No, a street lamp won’t give you the virus
Should conspiracy theories be banned? As the world continues to grapple with the threat of a coronavirus pandemic, troubling fake news about Covid-19 is spreading across the internet.
The panic surrounding the novel coronavirus epidemic has only been made worse by the viral spread of conspiracy theories online.
Here are some of the more outrageous theories:
The virus escaped from a Chinese research lab. Although there are no grounds for this theory – other than there being a lab near the huge city where the outbreak started – it has been repeated by US senator Tom Cotton.
It’s in the airwaves. According to this theory, it is the new 5G technology (that has been rolled out in Wuhan) that is behind the virus.
The US government wants to poison communism. By releasing a man-made virus into China, the US is looking to weaken its main economic rival – so this outlandish theory goes.
Marijuana cures Covid-19. This theory was shared on Twitter by a prominent Indian film-maker, praising the country’s heritage of plant-based cures. However, there is no evidence that cannabis would soothe any of the virus’s symptoms.
Boiled garlic water gives you immunity. Mix eight cloves of chopped garlic with seven cups of boiling water. This rumour spread quickly on WhatsApp where people often trust their contacts. Sadly, scientists give this simple cure absolutely zero credibility.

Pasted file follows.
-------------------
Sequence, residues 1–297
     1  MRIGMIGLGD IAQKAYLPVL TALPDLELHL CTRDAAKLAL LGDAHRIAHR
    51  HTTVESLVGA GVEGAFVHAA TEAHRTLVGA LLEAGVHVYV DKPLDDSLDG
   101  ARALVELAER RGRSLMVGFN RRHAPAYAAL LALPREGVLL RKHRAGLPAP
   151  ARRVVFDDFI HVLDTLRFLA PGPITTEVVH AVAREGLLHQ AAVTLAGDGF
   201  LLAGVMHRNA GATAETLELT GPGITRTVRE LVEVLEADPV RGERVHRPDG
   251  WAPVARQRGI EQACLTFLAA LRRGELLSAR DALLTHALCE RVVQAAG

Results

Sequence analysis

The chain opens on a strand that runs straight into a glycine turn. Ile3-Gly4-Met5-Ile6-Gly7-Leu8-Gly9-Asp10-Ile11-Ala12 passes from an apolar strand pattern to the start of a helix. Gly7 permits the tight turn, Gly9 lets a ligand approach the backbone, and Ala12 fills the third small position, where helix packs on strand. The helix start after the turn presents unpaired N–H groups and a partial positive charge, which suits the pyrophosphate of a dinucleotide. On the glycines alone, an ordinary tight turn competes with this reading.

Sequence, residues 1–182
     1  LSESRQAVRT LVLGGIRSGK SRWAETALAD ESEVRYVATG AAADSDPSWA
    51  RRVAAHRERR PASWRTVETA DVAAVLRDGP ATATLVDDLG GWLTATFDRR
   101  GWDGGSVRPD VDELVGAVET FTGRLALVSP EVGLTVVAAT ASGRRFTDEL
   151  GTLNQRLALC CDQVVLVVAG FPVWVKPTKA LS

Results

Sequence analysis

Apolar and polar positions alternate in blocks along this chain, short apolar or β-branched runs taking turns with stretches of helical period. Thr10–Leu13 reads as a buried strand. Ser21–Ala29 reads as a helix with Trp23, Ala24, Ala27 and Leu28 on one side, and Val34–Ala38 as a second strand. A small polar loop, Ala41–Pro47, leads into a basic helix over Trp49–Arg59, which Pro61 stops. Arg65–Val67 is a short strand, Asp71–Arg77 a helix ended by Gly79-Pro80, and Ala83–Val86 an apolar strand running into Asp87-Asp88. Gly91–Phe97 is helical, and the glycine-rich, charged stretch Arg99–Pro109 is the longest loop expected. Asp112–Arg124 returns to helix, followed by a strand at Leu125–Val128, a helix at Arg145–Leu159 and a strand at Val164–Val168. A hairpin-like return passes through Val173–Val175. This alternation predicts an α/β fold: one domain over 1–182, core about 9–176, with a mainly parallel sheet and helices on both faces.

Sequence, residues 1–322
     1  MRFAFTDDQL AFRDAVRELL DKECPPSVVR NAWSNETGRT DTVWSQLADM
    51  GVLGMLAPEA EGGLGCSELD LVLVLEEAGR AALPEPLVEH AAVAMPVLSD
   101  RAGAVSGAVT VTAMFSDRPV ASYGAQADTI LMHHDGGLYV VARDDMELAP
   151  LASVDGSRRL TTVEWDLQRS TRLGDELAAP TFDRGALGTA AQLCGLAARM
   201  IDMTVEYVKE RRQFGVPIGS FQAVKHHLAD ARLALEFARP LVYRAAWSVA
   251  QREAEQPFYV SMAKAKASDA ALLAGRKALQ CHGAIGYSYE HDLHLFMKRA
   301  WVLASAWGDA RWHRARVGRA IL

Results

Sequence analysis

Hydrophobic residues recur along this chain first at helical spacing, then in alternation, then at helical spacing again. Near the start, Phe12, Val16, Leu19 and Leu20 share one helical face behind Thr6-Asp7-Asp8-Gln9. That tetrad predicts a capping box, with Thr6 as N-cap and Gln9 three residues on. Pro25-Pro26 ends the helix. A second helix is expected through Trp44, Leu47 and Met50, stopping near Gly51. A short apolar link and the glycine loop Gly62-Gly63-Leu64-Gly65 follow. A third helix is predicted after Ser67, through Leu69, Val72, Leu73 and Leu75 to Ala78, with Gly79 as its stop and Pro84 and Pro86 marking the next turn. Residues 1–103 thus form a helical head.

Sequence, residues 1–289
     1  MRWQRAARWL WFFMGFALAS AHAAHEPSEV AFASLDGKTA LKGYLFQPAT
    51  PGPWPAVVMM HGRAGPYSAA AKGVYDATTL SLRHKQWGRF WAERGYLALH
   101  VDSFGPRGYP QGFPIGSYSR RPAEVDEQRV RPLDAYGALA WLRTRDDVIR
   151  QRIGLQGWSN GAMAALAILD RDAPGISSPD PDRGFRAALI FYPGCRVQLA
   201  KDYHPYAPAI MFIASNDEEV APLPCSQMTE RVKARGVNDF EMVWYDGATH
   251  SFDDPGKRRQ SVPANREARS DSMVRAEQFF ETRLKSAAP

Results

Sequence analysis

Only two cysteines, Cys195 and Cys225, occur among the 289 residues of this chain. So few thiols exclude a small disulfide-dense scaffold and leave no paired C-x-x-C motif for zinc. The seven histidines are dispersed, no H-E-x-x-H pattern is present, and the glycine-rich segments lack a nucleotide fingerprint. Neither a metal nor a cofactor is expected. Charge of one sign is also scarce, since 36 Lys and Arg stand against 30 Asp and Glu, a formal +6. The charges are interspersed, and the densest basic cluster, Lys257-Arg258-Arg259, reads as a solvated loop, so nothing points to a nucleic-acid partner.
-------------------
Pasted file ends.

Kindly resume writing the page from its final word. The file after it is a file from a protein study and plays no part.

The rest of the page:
The coronavirus was patented in 2015. This theory, shared widely across “anti-vaxxer” Twitter accounts, suggests that the disease was made by the governments across the world to control their populations.
Should silly theories like these be banned?
I heard a rumour
Conspiracy theories do nothing but harm in a time of crisis. Fake news should be silenced.
Then again, you cannot stop people making up rumours. Gossip is how people have always discussed what matters to them. Even when people say ridiculous things, diversity of thought and freedom of speech are worth defending.
- Do you think that all gossip is necessarily bad? Think of a situation where gossip might actually be justified.
- In pairs, role play a conversation where someone believes one of the conspiracy theories listed above. The other person has to try and convince them that they are wrong.
Some People Say...
“Don’t waste your time with explanations: people only hear what they want to hear.”Paulo Coelho, Brazilian writer, author of The Alchemist
What do you think?
Q & A
- What do we know?
- YouTube is displaying a banner from the World Health Organisation alongside any video about the virus. Facebook has fact-checkers ranking down false information about Covid-19, limiting the spread of fake news.
- What do we not know?
- We still do not know the exact origin of the virus, or how to treat the virus. We do not know how to stop rumours from being so convincing and seductive. We do not know how we could ever stop people from questioning the official narrative.
- Fifth-generation, wireless technology for cellular (mobile) devices.
- City in central China with a population of 11 million.
- Someone who believes that vaccines don’t work and are a tool for the government to control people.